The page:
Floods (weather events where water temporarily covers land it normally doesn’t cover) can happen anywhere, but features like geography can actually increase your risk for specific types of flooding. Here are the main types of floods to look out for (each is named for the weather condition or geography that cause them):
Inland flooding is the technical name for ordinary flooding that occurs in inland areas, hundreds of miles from the coast. Flash flooding, river flooding, and pretty much every type of flooding except coastal can be categorized as an inland flood.
Common causes of inland flooding include:
- Persistent rainfall (if it rains quicker than the can, water levels will rise);
- Runoff (if the ground becomes saturated or rain runs down mountains and steep hills );
- Slow-moving tropical cyclones;
- Rapid snowmelt(the melting of snowpack — layers of deep snow that accumulate overwinter in the northern tier states and mountainous regions of the U.S.);
- Ice jams (chunks of ice that build up in rivers and lakes, creating a dam. After the ice breaks apart, it releases a sudden surge of water downstream).
Flash floods are caused by heavy rain or the sudden release of water over a short period of time. The name “flash” refers to their fast occurrence (typically within minutes to hours after the heavy rain event) and also to their raging torrents of water that move with great speed.
While the majority of flash floods are triggered by torrential rain falling within a short amount of time (like during intense thunderstorms), they can also occur even if no rain has fallen. The sudden release of water from levee and dam breaks or by a debris or ice jam can all lead to flash flooding.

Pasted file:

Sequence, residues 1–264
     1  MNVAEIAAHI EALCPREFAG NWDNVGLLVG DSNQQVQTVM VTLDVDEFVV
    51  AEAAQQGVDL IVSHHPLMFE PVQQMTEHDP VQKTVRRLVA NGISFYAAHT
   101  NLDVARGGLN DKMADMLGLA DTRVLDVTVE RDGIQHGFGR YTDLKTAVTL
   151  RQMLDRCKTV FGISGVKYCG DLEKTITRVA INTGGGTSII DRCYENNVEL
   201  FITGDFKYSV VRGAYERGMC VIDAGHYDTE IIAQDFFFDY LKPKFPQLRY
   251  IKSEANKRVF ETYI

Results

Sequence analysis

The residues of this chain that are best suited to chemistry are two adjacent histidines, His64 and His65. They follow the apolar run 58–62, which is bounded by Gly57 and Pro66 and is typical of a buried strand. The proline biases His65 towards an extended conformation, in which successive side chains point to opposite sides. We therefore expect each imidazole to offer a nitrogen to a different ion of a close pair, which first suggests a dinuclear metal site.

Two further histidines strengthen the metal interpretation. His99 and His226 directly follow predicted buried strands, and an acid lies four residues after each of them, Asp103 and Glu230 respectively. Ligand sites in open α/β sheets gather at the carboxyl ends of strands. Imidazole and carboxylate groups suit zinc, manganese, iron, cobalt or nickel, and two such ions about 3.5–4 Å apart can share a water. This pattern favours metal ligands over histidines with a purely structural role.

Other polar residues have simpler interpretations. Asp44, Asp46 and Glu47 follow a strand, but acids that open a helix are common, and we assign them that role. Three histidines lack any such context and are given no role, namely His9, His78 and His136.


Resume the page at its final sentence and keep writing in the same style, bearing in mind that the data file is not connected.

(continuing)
Because of their sudden onset, flash floods tend to be thought of as more dangerous than ordinary floods.
River flooding occurs when water levels in rivers, lakes, and streams rise and overflow onto the surrounding banks, shores, and neighboring land.
The water level rise could be due to excessive rain from tropical cyclones, snowmelt, or ice jams.
One tool in predicting river floods is the monitoring of flood stage. All major rivers in the U.S. have a flood stage — water level at which that particular body of water begins to threaten the travel, property, and lives of those nearby. The NOAA National Weather Service and River Forecast Centers recognize 4 flood stage levels:
- At Action stage (yellow), water levels are near the top of river banks.
- At Minor flood stage (orange), minor flooding of nearby roadways occurs.
- At Moderate flood stage (red), expect flooding of nearby buildings and the closure of roadways.
- At Major flood stage (purple), extensive and often life-threatening flooding is expected, including the complete inundation of low-lying areas.
Coastal flooding is the inundation of land areas along the coast by seawater.
Common causes of coastal flooding include:
- High tide;
- Tsunamis (large ocean waves generated by underwater earthquakes that move inland);
- Storm surge (an ocean swell that “piles up” due to a tropical cyclone’s winds and low pressure which push water out ahead of the storm, then comes ashore).
Coastal flooding will only worsen as our planet warms. For one, warming oceans lead to a rise in sea level (as oceans warm, they expand, plus melt icebergs and glaciers). Higher “normal” sea height means it will take less to trigger floods and they will happen more often. According to a recent study by Climate Central, the number of days U.S. cities have experienced coastal flooding have already more than doubled since the 1980s!
Urban flooding occurs when there is a lack of drainage in an urban (city) area.
What happens is that water that would otherwise soak into the soil cannot travel through paved surfaces, and so it is redirected into city sewage and storm drain systems. When the amount of water flowing into these drainage systems overwhelms them, flooding results.
Resources & Links
Severe Weather 101: Flood Types. The National Severe Storms Laboratory (NSSL)
National Weather Service (NWS) Flood-Related Hazards
CITE THIS ARTICLE
Means, Tiffany. “The Types of Flood Events and Their Causes.” ThoughtCo, Jul. 31, 2021, thoughtco.com/the-types-of-flood-events-4059251.